US Presidential Elections 2020: The Visual Art of Voting
Rhian Hutchings assesses political activism in art and whether this really is a force for good
One of the most essential features of art is that it can contains individuality but can also be channeled towards a collective purpose. The collective purpose in this instance is the November 2020 election that looms over America, and in fact the rest of the world, like an ever-present political fog. The threat of Donald Trump and his increasingly dictatorial style of governing has caused ripples of discontent that have advanced into waves of pure desperation as many Americans worry for the future of their country if he were to win another term.
It goes without saying that visual art alongside literature has historically been used as both a political tool and an emotional outlet. In accordance with this rather commonplace pairing of expression and political voice comes the ‘Planyourvote.org’ website. It was created as a utilitarian tool to aid those registering or planning their vote during the American election in just over a month.
Visual art alongside literature has historically been used as both a political tool and an emotional outlet
The website showcases and in fact utilizes art to resonate with the people of America before they make their decisions. It specifies that as a website it does not ‘support or oppose any political party or candidate’. The mosaic of artworks on the website displays compelling images alongside intricate designs and messages that are more powerful than decorative. Though different in design, each artwork conjures an emotion or sentiment but most importantly they are the reminders that every piece of ballot paper will make a difference.
One striking design is the artwork created by the Guerrilla Girls stating that they ‘refuse to accept the 19th amendment until every vote is counted’. The Guerrilla Girls are an anonymous group of feminists founded in New York in 1985 aiming to tackle issues of feminism and racism in America. This political yet essential message shared in their artwork aims to influence and impact voters in a more outright way than perhaps some of the other artworks on the website. It does illuminate the presence of political activism in art and the impact that visual tools can have on voters. Social media users are encouraged to share and forward these posts with suggested captions provided on the website.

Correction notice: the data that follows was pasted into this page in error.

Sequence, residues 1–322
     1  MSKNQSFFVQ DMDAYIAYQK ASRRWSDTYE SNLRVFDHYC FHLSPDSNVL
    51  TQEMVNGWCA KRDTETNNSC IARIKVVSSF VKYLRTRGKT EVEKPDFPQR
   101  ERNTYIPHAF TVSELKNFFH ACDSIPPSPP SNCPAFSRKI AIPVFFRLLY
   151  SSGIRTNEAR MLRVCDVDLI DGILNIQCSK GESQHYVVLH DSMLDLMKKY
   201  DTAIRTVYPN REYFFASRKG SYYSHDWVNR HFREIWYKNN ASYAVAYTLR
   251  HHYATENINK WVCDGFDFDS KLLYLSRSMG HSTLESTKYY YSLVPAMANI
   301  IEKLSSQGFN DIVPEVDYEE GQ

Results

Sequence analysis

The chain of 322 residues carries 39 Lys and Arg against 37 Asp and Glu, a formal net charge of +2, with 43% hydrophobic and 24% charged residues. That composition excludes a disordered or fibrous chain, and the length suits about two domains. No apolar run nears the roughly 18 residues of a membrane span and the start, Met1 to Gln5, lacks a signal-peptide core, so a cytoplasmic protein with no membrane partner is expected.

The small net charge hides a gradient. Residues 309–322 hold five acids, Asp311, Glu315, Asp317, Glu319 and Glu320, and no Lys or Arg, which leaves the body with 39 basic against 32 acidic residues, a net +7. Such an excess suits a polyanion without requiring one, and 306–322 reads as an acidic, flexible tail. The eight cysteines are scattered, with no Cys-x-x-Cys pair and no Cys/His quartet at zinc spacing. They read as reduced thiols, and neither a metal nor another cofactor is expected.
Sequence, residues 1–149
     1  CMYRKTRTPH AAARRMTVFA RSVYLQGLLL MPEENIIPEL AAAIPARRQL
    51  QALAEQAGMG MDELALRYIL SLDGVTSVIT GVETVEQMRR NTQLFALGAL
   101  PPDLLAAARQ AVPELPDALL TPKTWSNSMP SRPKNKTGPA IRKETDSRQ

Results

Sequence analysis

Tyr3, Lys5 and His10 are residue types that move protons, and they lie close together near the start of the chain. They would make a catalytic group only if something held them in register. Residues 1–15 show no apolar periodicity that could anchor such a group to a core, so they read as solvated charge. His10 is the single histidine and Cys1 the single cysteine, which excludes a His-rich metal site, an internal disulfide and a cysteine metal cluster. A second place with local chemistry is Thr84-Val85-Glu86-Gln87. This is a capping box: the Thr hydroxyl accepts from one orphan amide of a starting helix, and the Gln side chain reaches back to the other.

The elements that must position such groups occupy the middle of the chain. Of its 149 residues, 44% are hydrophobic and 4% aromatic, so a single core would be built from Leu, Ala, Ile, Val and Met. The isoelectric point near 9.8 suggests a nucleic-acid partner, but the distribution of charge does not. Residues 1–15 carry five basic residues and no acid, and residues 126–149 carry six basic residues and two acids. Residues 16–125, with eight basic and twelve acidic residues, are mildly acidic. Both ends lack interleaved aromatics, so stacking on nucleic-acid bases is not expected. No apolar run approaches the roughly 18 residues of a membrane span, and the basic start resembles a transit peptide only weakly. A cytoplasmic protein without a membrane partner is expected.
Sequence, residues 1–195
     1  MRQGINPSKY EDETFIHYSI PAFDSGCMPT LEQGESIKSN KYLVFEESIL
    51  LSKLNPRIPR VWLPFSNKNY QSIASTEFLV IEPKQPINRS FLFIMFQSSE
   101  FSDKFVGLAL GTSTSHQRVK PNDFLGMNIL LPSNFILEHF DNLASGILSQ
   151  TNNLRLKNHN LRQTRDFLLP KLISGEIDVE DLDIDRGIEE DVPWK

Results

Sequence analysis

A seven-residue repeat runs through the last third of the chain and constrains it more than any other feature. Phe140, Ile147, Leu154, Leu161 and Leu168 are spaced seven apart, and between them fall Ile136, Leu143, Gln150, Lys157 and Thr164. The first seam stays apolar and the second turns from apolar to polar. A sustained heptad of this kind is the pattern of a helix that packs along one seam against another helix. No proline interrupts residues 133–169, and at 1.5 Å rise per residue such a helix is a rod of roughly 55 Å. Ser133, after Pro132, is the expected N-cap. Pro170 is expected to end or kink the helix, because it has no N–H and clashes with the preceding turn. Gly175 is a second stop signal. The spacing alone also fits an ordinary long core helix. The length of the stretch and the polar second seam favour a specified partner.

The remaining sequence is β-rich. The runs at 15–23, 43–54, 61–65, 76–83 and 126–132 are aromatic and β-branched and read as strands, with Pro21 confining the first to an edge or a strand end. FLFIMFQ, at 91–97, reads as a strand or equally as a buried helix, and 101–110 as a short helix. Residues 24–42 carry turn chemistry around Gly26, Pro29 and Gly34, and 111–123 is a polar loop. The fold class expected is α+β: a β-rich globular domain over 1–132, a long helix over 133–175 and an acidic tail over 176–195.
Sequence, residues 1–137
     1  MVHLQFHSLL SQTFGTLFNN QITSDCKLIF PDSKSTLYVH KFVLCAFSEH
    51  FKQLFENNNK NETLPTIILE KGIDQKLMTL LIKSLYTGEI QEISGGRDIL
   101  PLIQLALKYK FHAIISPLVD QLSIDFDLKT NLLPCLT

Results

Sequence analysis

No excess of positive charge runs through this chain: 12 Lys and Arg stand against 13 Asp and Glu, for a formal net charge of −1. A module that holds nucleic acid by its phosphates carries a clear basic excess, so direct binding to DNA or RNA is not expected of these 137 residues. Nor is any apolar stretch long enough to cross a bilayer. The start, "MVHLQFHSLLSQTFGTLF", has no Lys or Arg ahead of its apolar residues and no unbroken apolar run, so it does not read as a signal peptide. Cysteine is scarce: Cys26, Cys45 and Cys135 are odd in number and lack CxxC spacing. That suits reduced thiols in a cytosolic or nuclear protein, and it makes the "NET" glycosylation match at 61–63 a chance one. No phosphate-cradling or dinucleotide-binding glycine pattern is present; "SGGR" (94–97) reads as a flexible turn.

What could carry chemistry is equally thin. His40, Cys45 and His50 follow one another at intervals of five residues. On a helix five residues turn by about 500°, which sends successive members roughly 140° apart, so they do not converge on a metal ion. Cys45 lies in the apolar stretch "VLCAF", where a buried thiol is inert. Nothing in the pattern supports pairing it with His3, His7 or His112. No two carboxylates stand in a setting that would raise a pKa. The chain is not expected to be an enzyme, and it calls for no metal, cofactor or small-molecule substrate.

It does illuminate the presence of political activism in art and the impact that visual tools can have on voters
There does seem to be a fine line between influence and expression with these pieces of artwork but despite the description given by the website there does seem to be an emphasis on persuading rather than brainwashing. As we live in an age where the onslaught of fake news is becoming an increasingly devastating social issue, are these politicised and often targeted pieces of artwork really a force for good?
The clichéd concept that where there is humanity there will be art has never resonated more in an age where a piece of artwork can be seen by millions with the click of a button. It is a powerful and equally terrifying form of activism as artists delve into the depths of emotion and political views to conjure feelings amongst others that are bound to be poignant and powerful. It is however an equally liberating way of expressing political views and we will begin to tread on dangerous ground if political art is restricted for fear of it ending up influencing the wrong people.
Art exudes personality and ideas in a society where politics have quite literally become a life or death issue and as I read recently in a powerful tweet; ‘ “not being political” is just “being political in support of the status quo.” The continuation of the political ‘status quo’ in America is an impossible concept for many Americans therefore art in this capacity acts as the mouthpiece for a generation who see this election as an opportunity for change.